561; on the fresh-water formations
in the Isle of Wight; and observa-
tions on the strata over the chalk in
the S. E. of England, ib., on the vi-
trified forts of Scotland, 562; on the
sublimation of Silica, 564 ; on the
specimens of Hippurites from Sicily,
565, account of the coalfield at Brad-
ford, near Manchester, ib. ; account
of the island of Teneriffe, ib. ; on
the junction of trap and sandstone,
at Stirling Castle, 568 ; on the eco-
pomy of the mines of Cornwall and
Devon, ib.; on the origin of a re.
markable class of organic impres-
sions, occurring in nodules of fint,
571; description of the oxyd of tip,
&c., 571; on some new varieties of
fossil alcyonia, 572; miscellaneous re-
marks on a catalogue of specimens :-
remarks on several parts of Scotland
which exhibit quartz rock, and on the
nature and connexion of this rock in

general, 673; notice relative to the
geology of the coast of Labrador,
575; memoranda relative to Clorelly,
North Devon, 576; on Staffa, ib. ; on
vegetable remains preserved in chal-
cedony, ib. ; on the vitreous tubes
found uear to Drigg, in Cumberland,

Geometria legitima,by Francis Reynard,

174-7, el seg.
Geometry, plane, Keith's elements of,

174, et seq.
Gilullan's essay on the sanctification of

the Lord's-day, 515
Gias, torrent of, 557
Gogue, prophecy of Ezekiel concerning,

See Penn's prophecy.
Gospel, its reasonableness not, in the

first instance, the ground of its autho-

rity, 370
Gravitation, a proof of the original er-

islence and continual operation of a de-
signing agent, 488; probability of a law
still more general than gravitation,

Grecian fables, origin of, 32
• Greenlanders, their infants, on the
• death of their mothers, sometimes

buried alive,' 10
Gregoire, M. on the Slave Trade, 490,

el seq.; Buonaparte abolishes the Slave
Trade in France, probably from po-
litical not humane motives, 491 : the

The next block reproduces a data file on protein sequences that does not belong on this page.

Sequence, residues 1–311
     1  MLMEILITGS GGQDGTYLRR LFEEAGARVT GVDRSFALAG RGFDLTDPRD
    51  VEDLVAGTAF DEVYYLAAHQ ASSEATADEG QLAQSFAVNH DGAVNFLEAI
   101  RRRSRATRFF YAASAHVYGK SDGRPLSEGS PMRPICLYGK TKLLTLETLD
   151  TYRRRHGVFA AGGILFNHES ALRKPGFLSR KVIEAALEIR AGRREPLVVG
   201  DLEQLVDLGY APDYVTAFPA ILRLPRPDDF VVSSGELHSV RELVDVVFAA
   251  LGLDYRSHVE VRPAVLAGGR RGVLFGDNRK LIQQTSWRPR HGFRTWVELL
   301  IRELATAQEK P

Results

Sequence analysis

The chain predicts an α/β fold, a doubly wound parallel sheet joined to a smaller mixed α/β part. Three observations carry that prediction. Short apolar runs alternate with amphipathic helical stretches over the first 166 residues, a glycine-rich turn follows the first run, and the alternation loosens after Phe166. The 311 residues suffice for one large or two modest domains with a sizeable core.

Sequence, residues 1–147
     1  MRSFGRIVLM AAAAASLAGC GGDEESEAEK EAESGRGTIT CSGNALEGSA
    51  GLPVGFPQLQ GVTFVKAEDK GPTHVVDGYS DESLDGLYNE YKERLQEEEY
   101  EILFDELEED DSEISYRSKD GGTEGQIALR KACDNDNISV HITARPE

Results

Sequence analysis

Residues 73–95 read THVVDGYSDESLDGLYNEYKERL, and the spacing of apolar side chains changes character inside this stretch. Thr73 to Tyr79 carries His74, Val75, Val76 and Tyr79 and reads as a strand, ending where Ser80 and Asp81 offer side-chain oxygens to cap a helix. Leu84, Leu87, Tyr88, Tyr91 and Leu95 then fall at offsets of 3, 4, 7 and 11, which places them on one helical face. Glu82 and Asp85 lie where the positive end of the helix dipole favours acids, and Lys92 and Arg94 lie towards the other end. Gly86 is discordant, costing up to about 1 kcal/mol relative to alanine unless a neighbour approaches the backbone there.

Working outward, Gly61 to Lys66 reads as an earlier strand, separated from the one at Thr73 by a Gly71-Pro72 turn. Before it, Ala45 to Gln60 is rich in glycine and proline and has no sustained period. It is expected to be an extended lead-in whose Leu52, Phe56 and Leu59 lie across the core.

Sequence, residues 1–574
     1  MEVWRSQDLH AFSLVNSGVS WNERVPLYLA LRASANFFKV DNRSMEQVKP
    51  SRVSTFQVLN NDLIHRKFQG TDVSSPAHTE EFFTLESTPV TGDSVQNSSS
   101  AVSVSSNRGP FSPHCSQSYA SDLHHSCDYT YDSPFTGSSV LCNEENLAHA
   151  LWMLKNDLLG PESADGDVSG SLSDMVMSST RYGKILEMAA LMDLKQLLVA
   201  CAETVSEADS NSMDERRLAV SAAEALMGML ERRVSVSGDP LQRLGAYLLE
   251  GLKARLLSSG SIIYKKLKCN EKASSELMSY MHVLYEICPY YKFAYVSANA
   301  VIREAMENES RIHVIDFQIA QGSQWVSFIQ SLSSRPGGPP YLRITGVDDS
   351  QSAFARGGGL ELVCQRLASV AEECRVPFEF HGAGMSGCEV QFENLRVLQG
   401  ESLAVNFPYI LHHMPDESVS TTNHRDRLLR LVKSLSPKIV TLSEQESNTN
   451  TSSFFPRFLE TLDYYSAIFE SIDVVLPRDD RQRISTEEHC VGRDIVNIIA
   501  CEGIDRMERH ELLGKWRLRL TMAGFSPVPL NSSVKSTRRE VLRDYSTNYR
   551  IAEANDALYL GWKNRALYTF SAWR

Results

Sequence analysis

greatest good frequently produced by
the vilest instruments, ib.; conduct of
some Heathens and Christians con-
trasted, ib.; Christians import blood
hounds from Cuba into St. Domingo,
for the destruction of the negroes,
493; attempts in Paris to stigmatize
the English in regard to their motive
in advancing the abolition of the
Slave Trade, ib. ; privateers fitted out
to prosecute the trade, 494 ; conduct.
of the French and English contrasted,
in regard to the obnoxious article in
the late treaty, 494-5; author's remarks
on the siąth resolution of the Abolition so-
ciely of June, 495; remarkable de-
claration of two Roman Pontiffs
against the Slave Trade, ib.; prelect of
reasons of state considered, ib. ; excellent
remarks of the author, ib. ; European
outrages against Africa compared with
the Algerire piracies, 496 ; plausible
claims of a modern Genseric, founded
upon existing encroachmenls on the right
of the subjeci, 496-7; effect of the ob-
noxious article in the treaty of peace
on the Haytians, ib.; tendency of mo,
ral evil to perpetuate its owa exist,

ence, 537; and to paralyze the mass
of the people in regard to all virtu.
dus feeling, 538; moral evil of slavery,
ib. ; of ignorance, ib. ; of war, 539;
demoralizing infuence of military
despotism, 540; moral emancipation
must precede political freedom, 541,
prospect of brighter days for poste-
rity, 549; enlightened views of the au-
thor in regard to liberty, 543; his re-
flections on catholic emancipation,
544; invidious tendency of national
distinctions on account of religious
opinions, 545; author's remarks on the
plea of the Coronation Oath, 54; his
PREDICTION in regard to the papacy,
547; he disclaims the mere personal
infallibility of the pope, 547; coinci-
dence between the reasoping of the
author and that of the Parisian San.
hedrim, ib. ; M. Gregoire's opinion upon
a civil establishment for a particular mode
of public worship, 548; his allempt to
epade the charge of no saloation out of
the church,' ib. ; reflections on the pre-

sent state of Europe in a moral view, 549
Habits, inquiry if they become auto-

matical, i39
Haven Jens forms a Moravian settle-

ment at Nain, on the coast of Labra-

dor, 13
Heatheus and Christians, their conduct

contrasted, 492
Henry Vill., his jester's advice to him,

130; state of religion during his reign,

Meroic poem to be popular, must be a

national one, 354
Hierarchy of England, probability of

its being involved in the downfall of
mystical Babylon, the opinion of
many, 550
Hieroglyphic writing not conducive to

the invention of Letters, 85
Hill's essay on the prevention and core

of insanity, 39, et seq.; deep interest
of the subject, ib. et seq. ; its fre-
quent occurrence, 40, materiality the
prominent feature of the essay, ib. ;
author's assertion that insanity is ala
ways founded in corporeal disease,
ib.; source of the error of the mate-
rialists, 41; division of the subject,
42; author's first proposition controverted
by his own statement, 43; inconsistency of
his remarks, 44; the two states of
Sthenia and Asthenia, 45 ; his defini.
tion of madness deficient, 46; time
unnoticed by the insane, ib.; proximate

cause of insanity, 47 ; on the here.
ditary nature of the disease, 48; the